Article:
Ripped-up paving stones lay scattered around the graffiti-scarred streets of Hong Kong after one of the most violent days in a summer of rage, as protesters ready for fresh clashes on Tuesday's 70th anniversary of communist China's founding.
The protest-wracked financial hub witnessed its fiercest political violence in weeks on Sunday as riot police spent hours in running battles with protesters, the streets blanketed in tear gas and smoke from burning barricades.
Millions have hit the streets during nearly four months of pro-democracy protests while hardcore activists have repeatedly clashed with police in the biggest challenge to China's rule since the city's handover from Britain in 1997.
Tensions have soared the last few days.
Beijing is preparing for huge, tightly-choreographed festivities from Tuesday to mark the founding of the People's Republic of China, including a massive military parade that will showcase the country's emergence as a global superpower.
Yet the ongoing unrest in Hong Kong threatens to upstage those festivities as the semi-autonomous city boils with public anger over the erosion of its special freedoms under Beijing's rule.
In the last few days democracy activists have ramped up their rallies and street battles ahead of National Day, which Hong Kong protesters have dubbed a "Day of Grief".
Throughout Sunday police fired tear gas, rubber bullets and water cannon in multiple locations in their bid to disperse hardcore protesters hurling bricks and petrol bombs.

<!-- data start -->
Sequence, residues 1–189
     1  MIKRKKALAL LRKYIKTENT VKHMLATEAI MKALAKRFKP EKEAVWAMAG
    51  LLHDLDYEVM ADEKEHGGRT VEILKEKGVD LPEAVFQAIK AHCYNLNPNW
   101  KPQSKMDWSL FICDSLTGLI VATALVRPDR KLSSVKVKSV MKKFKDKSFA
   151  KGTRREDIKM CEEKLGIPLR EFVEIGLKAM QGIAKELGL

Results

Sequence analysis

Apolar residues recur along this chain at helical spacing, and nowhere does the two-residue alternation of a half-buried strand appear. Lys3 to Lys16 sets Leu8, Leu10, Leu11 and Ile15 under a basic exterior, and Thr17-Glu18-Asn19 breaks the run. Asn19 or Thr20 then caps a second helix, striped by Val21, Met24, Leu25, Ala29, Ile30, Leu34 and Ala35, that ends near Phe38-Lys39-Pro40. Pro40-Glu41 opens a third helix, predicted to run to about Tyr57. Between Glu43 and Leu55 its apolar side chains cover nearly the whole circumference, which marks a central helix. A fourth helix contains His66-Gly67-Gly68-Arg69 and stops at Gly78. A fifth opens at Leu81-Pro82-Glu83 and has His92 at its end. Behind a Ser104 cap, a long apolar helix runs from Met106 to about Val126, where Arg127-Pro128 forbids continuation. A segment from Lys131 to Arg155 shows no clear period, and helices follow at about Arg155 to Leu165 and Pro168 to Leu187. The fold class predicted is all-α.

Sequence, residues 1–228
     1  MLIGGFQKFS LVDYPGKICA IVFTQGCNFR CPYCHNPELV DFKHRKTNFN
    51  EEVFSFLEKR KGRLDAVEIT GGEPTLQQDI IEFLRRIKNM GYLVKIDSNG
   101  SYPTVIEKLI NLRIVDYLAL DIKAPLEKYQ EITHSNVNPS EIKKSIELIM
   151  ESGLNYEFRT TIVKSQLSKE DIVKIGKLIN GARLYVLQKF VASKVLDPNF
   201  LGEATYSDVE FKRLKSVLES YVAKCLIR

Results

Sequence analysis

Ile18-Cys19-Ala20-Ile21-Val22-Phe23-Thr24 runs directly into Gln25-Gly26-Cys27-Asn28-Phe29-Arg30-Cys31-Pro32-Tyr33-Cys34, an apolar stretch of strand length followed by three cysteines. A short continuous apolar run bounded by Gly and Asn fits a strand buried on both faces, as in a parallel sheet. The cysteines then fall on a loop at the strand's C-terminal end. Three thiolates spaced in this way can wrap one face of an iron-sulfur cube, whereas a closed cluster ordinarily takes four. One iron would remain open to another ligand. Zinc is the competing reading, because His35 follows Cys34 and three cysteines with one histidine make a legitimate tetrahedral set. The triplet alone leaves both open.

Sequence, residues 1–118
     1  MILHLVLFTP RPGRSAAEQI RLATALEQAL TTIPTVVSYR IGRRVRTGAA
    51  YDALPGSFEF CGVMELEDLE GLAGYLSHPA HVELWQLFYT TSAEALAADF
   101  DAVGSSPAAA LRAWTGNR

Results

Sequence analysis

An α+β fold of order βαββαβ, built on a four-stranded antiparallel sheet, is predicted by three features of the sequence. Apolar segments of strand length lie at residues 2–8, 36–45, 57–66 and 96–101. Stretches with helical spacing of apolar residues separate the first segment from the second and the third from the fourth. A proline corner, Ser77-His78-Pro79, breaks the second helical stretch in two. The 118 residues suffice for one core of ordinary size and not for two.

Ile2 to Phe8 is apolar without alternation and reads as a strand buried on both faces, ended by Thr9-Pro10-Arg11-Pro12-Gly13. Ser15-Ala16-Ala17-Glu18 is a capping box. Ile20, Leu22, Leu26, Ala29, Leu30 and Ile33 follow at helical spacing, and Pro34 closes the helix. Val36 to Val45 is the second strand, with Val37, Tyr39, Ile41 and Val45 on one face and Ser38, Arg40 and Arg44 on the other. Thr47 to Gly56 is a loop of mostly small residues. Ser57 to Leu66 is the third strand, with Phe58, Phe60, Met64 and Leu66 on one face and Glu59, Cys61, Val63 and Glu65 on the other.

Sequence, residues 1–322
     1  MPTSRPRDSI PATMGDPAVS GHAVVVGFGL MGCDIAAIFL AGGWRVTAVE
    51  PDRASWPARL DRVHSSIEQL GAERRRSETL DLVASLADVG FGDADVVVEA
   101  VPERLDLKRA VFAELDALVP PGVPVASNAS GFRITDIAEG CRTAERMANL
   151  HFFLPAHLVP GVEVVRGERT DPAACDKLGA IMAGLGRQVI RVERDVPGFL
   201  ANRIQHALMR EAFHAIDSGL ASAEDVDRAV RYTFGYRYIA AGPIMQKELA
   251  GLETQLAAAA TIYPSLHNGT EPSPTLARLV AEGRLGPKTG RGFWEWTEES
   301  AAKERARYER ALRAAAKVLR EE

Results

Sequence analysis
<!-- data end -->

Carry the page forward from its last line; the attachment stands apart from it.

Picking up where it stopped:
And there is little sign of the protests abating.
After police banned a proposed march on Tuesday, online forums used by the largely leaderless movement have called for wildcat protests across the city in a effort to stretch police resources thin.
"I want to see millions of people boycott national events and result into violent protests on October 1," one user wrote in a heavily upvoted comment on the Reddit-like LIHKG forum.
School and university students also took part in a one-day class boycott on Monday.
Graffiti and bricks
Despite the inevitability of renewed clashes, municipal workers still spread out across the city on Monday morning to begin a now regular clean-up ritual.
They collected torn-up paving stones into piles and swept the melted remnants of burned makeshift barricades into bags along a four-kilometre (two-mile) stretch of road where Sunday's clashes took place.
Graffiti and protest flyers were everywhere.
One Starbucks had been heavily sprayed with anti-police slogans and boycott calls.
In Hong Kong the franchise is owned by Maxim's Caterers. Protesters called for a boycott after a member of the family that owns Maxim's delivered a speech condemning demonstrators and speaking in support of Beijing.
The city's summer of discontent was triggered by an extradition bill to the mainland that has now been shelved.
But the movement has since morphed into a call for free elections and less intervention from Beijing.
Protesters are calling for an independent inquiry into alleged police abuses, an amnesty for those arrested, and the right to elect their leaders -- demands dismissed by China and city leader Carrie Lam who was set to fly to Beijing later Monday to take part in the National Day celebrations.
With Lam unable or unwilling to come up with a political solution to the strife, the city's police have been left to deal with the unrest, leading to huge levels of public anger towards the force.
Senior brass have rejected allegations of police brutality, arguing their officers face rapidly increasing levels of violence from protesters.
But weekly videos of police beating arrested protesters have only fanned the animosity further.